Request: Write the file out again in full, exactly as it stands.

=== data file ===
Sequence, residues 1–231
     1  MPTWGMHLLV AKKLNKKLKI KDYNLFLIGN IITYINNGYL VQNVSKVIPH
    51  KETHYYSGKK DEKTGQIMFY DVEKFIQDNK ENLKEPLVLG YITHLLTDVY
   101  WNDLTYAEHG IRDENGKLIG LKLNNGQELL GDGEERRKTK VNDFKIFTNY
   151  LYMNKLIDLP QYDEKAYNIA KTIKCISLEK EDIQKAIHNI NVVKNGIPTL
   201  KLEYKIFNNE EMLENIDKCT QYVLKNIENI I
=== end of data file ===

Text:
Sequence, residues 1–231
     1  MPTWGMHLLV AKKLNKKLKI KDYNLFLIGN IITYINNGYL VQNVSKVIPH
    51  KETHYYSGKK DEKTGQIMFY DVEKFIQDNK ENLKEPLVLG YITHLLTDVY
   101  WNDLTYAEHG IRDENGKLIG LKLNNGQELL GDGEERRKTK VNDFKIFTNY
   151  LYMNKLIDLP QYDEKAYNIA KTIKCISLEK EDIQKAIHNI NVVKNGIPTL
   201  KLEYKIFNNE EMLENIDKCT QYVLKNIENI I